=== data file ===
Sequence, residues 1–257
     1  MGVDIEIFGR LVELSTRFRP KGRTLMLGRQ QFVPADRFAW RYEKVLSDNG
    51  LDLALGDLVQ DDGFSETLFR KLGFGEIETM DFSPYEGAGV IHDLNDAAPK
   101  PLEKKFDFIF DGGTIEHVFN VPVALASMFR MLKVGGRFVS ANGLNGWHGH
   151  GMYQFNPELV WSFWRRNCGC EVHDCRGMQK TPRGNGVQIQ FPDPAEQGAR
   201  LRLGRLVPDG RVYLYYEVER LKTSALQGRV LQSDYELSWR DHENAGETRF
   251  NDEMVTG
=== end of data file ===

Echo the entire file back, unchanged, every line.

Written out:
Sequence, residues 1–257
     1  MGVDIEIFGR LVELSTRFRP KGRTLMLGRQ QFVPADRFAW RYEKVLSDNG
    51  LDLALGDLVQ DDGFSETLFR KLGFGEIETM DFSPYEGAGV IHDLNDAAPK
   101  PLEKKFDFIF DGGTIEHVFN VPVALASMFR MLKVGGRFVS ANGLNGWHGH
   151  GMYQFNPELV WSFWRRNCGC EVHDCRGMQK TPRGNGVQIQ FPDPAEQGAR
   201  LRLGRLVPDG RVYLYYEVER LKTSALQGRV LQSDYELSWR DHENAGETRF
   251  NDEMVTG